Fidget spinners are one of the latest fads fascinating kids these days. Although kids are fascinated with the fidget spinners, and there are rumors of addiction, what are they, and are they really worth the hype? Can kids really become addicted to these anxiety toys, or can they really help kids who have anxiety issues?

Shoddy science may be behind the fidget spinners

Time Magazine reported that the science behind the fidget spinners is shoddy even though the manufacturers say they offer therapeutic benefits for children who have anxiety, autism, and even attention deficit/hyperactivity disorder (ADHD).

The fidget spinners currently dominate the best-seller lists for top toys and games on Amazon. The device, which consists of three weighted prongs that spin, are currently so popular that Toys R US has chartered jets to bring the devices to its stores. Teachers say the devices have become little more than a distraction in the classroom, and one teacher in Chicago has taken to wearing pants because they have bigger pockets, and hold more of the devices when she confiscates them.

Much has been made of the medical benefits of using these devices, but there's very little science to back it up. The devices were never created by behavioral scientists. Instead, the original idea was created by a Florida inventor named Catherine Hettinger who wanted to promote world peace.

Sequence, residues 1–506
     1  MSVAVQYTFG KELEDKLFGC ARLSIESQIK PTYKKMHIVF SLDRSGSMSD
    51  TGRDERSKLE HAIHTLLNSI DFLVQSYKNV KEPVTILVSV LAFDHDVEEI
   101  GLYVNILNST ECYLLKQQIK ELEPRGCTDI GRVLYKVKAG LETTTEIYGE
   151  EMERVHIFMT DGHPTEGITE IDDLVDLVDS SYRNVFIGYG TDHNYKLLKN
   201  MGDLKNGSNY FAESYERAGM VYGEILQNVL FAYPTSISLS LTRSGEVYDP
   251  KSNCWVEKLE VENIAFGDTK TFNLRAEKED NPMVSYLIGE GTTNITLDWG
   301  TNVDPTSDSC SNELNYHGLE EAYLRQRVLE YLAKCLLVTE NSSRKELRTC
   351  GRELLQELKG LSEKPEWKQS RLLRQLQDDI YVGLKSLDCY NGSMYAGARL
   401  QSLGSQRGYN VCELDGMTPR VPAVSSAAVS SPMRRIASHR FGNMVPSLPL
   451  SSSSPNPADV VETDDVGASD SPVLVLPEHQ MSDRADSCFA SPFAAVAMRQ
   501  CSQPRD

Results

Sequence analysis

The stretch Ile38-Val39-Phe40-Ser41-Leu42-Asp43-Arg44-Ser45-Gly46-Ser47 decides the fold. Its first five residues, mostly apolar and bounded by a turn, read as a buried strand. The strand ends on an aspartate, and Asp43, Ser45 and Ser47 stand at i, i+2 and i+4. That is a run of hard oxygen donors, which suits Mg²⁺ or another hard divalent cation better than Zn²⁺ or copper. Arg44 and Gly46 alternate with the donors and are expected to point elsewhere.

Although Hettinger imagined children in Israel using them to promote calm in themselves instead of throwing rocks at police, the idea never took off and the patent expired in 2005. The devices resurfaced earlier this year when videos on YouTube of teenagers playing with them went viral. Although there is anecdotal evidence for the devices, it never led to any meaningful scientific studies, and most of what is said about the fidget spinners is based on marketing hype.

Although anxiety toys may help children, science has yet to back up the use of these toys.

The story of the fidget spinners

Bloomberg reported that although Catherine Hettinger is credited with the invention of the device, she didn't invent it at all. Although Hettinger did receive a patent in 1997 for a spinning device that sat on the finger, and she created them in her laundry room and sold them at state fairs, the toys she made bear little resemblance to the current crop of spinning toys.

Hettinger did have the option of renewing her patent, and she did pitch her idea to Hasbro, but Hasbro declined.

An anonymous user created a Wikipedia page listing Hettinger as the inventor of the fidget spinner, and the legend was born. Reporters started calling her, asking her to tell her story. Then they reported that she wasn't receiving any of the proceeds from the sale of the toys even though her patent was expired. Except for the Wikipedia page, though, there is no evidence that she is responsible for the design and creation of the new toy.